"In his own mind, he was too big to fail," says the FBI's Casale.
Meanwhile, McFarland set about marketing the event by paying to fly supermodels Bella Hadid, Emily Ratajkowski, Allesandra Ambrosio and others on a private plane to the Bahamas for a promotional photo shoot that would frame Fyre Festival as the luxury experience McFarland wanted prospective attendees to think it was. In the months leading up to the festival, Fyre Media even paid numerous celebrities and influencers to tout the festival on their social media accounts, including a reported $250,000 payment to Kendall Jenner for just one Instagram post that she sent out to her more than 100 million followers.
A few weeks before Fyre Festival, McFarland's company defaulted on a nearly $3 million loan (according to a lawsuit later filed by lender EHL Funding), while a potential investment from Comcast Ventures, worth up to $20 million, fell through at the last minute, with the venture capital firm saying it had passed on the investment "after conducting thorough due diligence."
With a lack of actual capital, Fyre Media (which the government says only booked $57,443 in revenue between May 2016 and April 2017) was forced to cut corners on the luxury festival McFarland had promised to thousands of attendees, while also stiffing numerous vendors who had performed work (from on-site construction to event planning and marketing) on McFarland's promise of being paid once more investments came in.
In the end, the failure of Fyre Festival and McFarland's misrepresentation of Fyre Media ended up costing McFarland's investors (including Atkins, aka Ja Rule) more than $26 million, authorities said. McFarland, who admitted to falsifying documents, including bank statements, that he showed to investors in order to secure their funds, pleaded guilty in 2018 to three counts of wire fraud, one count of bank fraud and a charge of making false statements. (Amazingly, McFarland actually had to plead guilty twice, because prosecutors found that he was operating a fraudulent ticketing scam while out on bail from his initial charges stemming from Fyre Media. McFarland's follow-up scam offered to sell tickets to high-profile events like the Grammy Awards and the Met Gala despite not holding tickets.)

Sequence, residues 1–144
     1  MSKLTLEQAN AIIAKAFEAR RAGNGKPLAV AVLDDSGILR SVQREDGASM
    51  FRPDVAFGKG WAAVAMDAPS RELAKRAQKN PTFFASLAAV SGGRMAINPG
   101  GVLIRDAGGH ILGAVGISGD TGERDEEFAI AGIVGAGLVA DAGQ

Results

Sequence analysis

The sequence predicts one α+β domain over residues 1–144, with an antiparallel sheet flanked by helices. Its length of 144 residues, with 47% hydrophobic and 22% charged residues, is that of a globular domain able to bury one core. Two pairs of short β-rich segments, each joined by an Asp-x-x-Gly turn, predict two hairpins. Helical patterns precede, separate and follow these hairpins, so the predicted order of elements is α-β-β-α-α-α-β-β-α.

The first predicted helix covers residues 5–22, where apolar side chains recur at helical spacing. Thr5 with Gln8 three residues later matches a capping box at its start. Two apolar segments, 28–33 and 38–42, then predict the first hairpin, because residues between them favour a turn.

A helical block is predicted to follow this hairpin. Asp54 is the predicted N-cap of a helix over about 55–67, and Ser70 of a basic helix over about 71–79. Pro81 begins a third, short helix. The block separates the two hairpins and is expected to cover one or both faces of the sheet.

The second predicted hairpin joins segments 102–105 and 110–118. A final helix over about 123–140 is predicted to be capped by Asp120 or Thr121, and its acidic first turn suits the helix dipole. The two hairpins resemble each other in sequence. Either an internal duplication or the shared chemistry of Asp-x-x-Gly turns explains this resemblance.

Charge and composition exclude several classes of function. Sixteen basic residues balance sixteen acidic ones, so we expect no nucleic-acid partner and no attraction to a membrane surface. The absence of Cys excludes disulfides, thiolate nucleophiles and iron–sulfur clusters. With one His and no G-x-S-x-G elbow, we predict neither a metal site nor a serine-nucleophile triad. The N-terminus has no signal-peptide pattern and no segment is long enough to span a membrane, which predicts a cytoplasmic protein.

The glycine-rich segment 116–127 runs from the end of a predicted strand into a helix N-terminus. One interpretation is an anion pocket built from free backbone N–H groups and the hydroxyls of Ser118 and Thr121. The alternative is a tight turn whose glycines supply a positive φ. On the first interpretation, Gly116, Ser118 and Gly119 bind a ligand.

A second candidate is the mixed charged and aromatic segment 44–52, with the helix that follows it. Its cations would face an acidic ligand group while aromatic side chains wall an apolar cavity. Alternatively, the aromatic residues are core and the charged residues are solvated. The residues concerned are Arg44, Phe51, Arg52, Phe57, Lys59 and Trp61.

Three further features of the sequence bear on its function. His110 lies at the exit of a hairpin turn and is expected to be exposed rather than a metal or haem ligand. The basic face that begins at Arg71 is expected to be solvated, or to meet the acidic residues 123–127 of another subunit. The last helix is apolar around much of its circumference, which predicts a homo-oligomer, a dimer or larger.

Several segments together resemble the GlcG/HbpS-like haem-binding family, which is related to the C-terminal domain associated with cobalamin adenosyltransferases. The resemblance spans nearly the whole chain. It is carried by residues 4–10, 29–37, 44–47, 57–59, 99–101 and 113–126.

In October 2018, McFarland was sentenced to six years in prison and ordered to pay more than $26 million in restitution to the investors and customers he defrauded. McFarland also reached a settlement with the U.S. Securities and Exchange Commission over fraud charges in July 2018, with McFarland agreeing to a lifetime ban on him ever serving as a director or officer of a public company.
McFarland apologized during his sentencing, saying his actions were a result of his "fear of letting everybody down."
However, the SEC noted in a statement announcing McFarland's settlement that the Fyre Media cofounder "used investor funds to bankroll a lavish lifestyle including living in a Manhattan penthouse apartment, partying with celebrities, and traveling by private plane and chauffeured luxury cars."
Meanwhile, many Fyre Festival attendees have told reporters over the past two years that they have not been able to secure a refund for the tickets they purchased, though some say they've had luck getting refunds by going through their banks or credit card companies to dispute charges.
At the same time, a $100 million class action lawsuit filed in May 2017 by ticket holders against the rapper Atkins and Fyre Media's chief marketing officer, Grant Margolin, was dismissed in July 2019 by a federal judge who said the lawsuit did not produce enough evidence to prove those organizers knew the event would be a disaster. At least one separate lawsuit, however, netted a multimillion-dollar judgment for two attendees against McFarland, while others remain ongoing.
Atkins and other Fyre Media executives have not faced any criminal charges stemming from Fyre Festival, with the rapper even saying that he himself was scammed by McFarland and lost an undisclosed amount of money investing in the venture.
Meanwhile, Margolin and Daniel Simon (an independent contractor, and high school friend of McFarland's, who had a role in Magnises, Fyre Media, and the festival) both agreed to deals with the SEC to settle charges over their roles in the fraud. Margolin agree to pay a $35,000 civil penalty and to a seven-year ban on him serving as either a director or officer of any public company, while Simon agreed to pay a $15,000 disgorgement and penalty as well as a three-year ban on being a director or officer of any public company.
Similarly, none of the models or celebrities who promoted Fyre Festival have faced any charges, though a New York bankruptcy judge did rule in January 2019 that Jenner and the agencies representing models Hadid, Ratajkowski and others could be subpoenaed by Fyre Media's bankruptcy trustee in order to determine exactly how much money each of those models and influencers received from McFarland and Fyre Media to help market the doomed festival. Including Jenner's six-figure payment for a single Instagram post, Fyre Festival paid out more than $5.2 million in total to influencers and prospective celebrity performers, court records show.
Watch new episodes of CNBC's "American Greed" Mondays at 10 p.m. ET/PT.